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Top cars for winter driving
Most UK residents would be foolish to base their car buying decisions too heavily on winter weather performance. Across the majority of the country, we just don't get enough of the really cold stuff to make it a major concern - and we can all be thankful for that.
Despite this, there are plenty of cars that will cope admirably when the British climate decides to throw up an arctic spell and do a fine job for the rest of the year too. They aren't all hulking SUVs either.
Here are some of the top winter car choices in different price brackets.
Winter Motoring Guide
The Ford Fiesta is a first class supermini with great handling and sparky design inside and out. Standard safety equipment includes ESP stability control, Traction Assist and an ABS system with Emergency Brake Assist. In Zetec trim, prices start from around £12,000 and include Ford's excellent Quickclear heated windscreen which is a godsend on frosty mornings.
The Nissan Juke looks rough, tough and ready for anything but it doesn't have four-wheel-drive, unless you go for the pricey range-topping models. The front-wheel-drive versions are a lot more affordable and have better ground clearance than a conventional car. All Juke models have ABS with Electronic Brakeforce Distribution and ESP stability control. Prices start under £13,500.
If you want four driven wheels for under £15,000, there aren't too many options these days but the Suzuki SX4 is one. Suzuki has a solid reputation for tough 4x4 vehicles and even though the SX4 is no hardcore off-roader, it will provide added security on slippery roads. The all-wheel-drive models start from just under £15,000 powered by Suzuki's 1.6-litre petrol engine.
One of today's top small 4x4 vehicles, the Skoda Yeti has a spacious cabin, polished road manners and off-road ability that's better than expected. The models with all-wheel-drive can vary the amount of torque they send to individual wheels but in normal driving, they operate in front-wheel-drive mode. There's an off-road setting which adjusts the ABS and traction control systems while softening the throttle response. Prices for the 4x4s start at around £18,500.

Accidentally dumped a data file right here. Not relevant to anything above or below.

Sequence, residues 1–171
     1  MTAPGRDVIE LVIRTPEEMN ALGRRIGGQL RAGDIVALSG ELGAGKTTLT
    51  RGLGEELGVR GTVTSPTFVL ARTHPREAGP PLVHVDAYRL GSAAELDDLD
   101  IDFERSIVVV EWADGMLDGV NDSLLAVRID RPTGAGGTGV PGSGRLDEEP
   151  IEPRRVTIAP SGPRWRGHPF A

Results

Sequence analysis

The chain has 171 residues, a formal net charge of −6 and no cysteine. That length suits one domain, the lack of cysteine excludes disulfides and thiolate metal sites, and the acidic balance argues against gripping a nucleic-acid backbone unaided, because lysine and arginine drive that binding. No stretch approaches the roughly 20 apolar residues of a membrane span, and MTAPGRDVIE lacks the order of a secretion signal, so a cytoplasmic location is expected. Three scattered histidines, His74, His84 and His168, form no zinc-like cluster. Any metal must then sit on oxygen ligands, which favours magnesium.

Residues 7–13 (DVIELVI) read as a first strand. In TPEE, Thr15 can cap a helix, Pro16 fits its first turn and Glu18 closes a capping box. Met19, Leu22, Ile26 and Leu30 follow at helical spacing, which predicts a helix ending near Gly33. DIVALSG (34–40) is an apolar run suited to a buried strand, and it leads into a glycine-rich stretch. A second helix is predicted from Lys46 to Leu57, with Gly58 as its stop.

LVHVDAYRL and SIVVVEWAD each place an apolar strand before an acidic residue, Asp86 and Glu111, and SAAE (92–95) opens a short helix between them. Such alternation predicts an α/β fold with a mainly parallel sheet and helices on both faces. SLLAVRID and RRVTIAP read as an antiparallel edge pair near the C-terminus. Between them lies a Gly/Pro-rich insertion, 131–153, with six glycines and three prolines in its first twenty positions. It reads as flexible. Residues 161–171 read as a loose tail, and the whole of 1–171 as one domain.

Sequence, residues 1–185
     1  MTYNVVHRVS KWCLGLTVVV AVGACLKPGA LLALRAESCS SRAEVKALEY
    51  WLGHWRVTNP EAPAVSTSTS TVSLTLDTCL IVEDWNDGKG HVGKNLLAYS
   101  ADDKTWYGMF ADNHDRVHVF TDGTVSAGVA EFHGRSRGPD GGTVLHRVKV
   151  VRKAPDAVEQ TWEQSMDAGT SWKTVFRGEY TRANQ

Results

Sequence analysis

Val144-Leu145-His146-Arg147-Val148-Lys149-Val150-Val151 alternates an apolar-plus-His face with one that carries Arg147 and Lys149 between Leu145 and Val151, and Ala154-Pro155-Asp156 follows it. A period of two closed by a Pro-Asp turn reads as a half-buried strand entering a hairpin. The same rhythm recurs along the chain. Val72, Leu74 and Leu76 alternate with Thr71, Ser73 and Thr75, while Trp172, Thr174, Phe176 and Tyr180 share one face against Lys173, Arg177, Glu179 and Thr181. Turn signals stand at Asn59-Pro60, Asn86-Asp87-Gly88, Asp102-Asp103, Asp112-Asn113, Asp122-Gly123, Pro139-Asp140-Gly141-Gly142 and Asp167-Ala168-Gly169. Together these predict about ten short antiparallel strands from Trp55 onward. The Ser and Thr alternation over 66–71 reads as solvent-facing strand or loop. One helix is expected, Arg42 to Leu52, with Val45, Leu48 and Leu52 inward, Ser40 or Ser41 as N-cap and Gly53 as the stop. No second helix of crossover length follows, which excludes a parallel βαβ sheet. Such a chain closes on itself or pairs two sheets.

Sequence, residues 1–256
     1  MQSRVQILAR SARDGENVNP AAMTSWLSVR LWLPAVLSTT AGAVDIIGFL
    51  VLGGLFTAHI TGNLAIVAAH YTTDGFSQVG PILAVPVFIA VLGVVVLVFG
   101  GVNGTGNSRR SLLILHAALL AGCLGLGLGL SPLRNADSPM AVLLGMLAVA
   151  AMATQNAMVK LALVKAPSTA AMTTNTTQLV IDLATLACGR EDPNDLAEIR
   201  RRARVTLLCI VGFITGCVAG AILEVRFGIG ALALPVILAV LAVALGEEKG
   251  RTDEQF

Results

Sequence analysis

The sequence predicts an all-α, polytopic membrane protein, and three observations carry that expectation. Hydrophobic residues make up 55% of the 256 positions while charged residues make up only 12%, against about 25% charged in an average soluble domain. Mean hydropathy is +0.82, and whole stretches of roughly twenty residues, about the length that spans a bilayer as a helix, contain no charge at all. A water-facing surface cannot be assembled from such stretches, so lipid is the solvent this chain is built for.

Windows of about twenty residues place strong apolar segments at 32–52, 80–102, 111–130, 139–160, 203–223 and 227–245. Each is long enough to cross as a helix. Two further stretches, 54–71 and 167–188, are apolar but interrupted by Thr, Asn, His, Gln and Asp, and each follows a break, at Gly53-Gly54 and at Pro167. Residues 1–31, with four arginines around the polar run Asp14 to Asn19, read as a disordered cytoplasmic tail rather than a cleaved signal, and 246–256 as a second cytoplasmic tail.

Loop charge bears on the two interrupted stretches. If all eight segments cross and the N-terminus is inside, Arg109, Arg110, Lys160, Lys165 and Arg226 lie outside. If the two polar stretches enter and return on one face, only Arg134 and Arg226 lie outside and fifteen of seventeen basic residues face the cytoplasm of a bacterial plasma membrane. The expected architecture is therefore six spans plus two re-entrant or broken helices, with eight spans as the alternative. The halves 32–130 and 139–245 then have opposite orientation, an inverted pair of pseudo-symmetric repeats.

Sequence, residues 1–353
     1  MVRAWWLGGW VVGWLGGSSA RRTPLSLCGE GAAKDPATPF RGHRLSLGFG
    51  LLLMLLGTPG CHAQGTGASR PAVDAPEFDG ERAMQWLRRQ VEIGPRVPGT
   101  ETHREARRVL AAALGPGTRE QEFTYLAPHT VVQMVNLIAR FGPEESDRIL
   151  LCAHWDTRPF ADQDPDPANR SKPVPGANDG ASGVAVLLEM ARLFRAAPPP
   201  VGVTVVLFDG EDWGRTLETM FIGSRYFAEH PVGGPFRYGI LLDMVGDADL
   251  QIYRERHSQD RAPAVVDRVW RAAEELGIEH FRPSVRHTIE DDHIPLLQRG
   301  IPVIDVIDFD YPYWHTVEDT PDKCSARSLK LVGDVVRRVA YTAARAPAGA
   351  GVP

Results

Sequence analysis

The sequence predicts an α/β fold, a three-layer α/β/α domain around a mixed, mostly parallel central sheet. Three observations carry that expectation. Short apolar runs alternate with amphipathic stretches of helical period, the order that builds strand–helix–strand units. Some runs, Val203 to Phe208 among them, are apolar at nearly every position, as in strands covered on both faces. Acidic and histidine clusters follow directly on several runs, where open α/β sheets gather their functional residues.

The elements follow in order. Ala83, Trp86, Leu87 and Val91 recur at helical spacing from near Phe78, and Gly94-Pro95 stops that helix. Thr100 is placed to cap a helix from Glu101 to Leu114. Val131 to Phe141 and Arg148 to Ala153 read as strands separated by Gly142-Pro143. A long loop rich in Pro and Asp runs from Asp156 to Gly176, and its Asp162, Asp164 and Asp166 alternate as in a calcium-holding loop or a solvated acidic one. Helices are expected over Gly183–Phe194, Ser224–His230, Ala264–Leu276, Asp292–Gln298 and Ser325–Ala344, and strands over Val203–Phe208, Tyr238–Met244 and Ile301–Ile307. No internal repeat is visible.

The Subaru Impreza is better known for is maniac performance versions but the whole range has four-wheel-drive and there's a choice of models for under £20,000. The Impreza has good amounts of cabin space and the 2.0-litre diesel is particularly impressive. Interior quality remains an issue and fuel economy isn't great unless you can stretch to that diesel. The full-time 4x4 system and Subaru's Vehicle Dynamics Control electronics should inspire confidence in winter driving.
The Peugeot 3008 marries aspects of SUV and MPV into an impressively family-friendly package. It may be front-wheel drive only at the moment but the 3008 is available with a clever Grip Control system to help in slippery conditions. Grip Control has five modes, including one for snow, and comes in a £450 option pack along with specialist mud and snow tyres. The 3008 HYbrid4 model has rear wheels powered by an electric motor to deliver four-wheel-drive in slippery conditions.
It may not be an obvious choice as a good winter car but Audi's TT is a fine sports coupé and quattro all-wheel-drive versions cost around £30,000. You get a beautifully finished cabin, a fine choice of 2.0-litre petrol or diesel engines and plenty of all-weather grip. Of all the sportscars in this price band this is the best suited to winter driving.
Large and comfy over long distances, the Vauxhall Insignia is also available in 4x4 guise. There's a sizable price premium over the front-driven models but the fuel economy and emissions penalty isn't too great. The Vauxhall Adaptive 4x4 system distributes power to all four wheels according to the level of grip they have. It also features an electronic limited slip differential between the rear wheels.
The Mitsubishi Outlander is one of the more off-road capable models in the compact SUV class. It's well-equipped, versatile and good to drive on the road but the cabin could use some added finesse. The 4x4 system is only part-time but can be set into front-wheel-drive, 'on demand' four-wheel-drive or 'locked' four-wheel-drive modes. The diesel engines are the ones to go for, particularly the Peugeot-sourced 2.2 DI-D unit.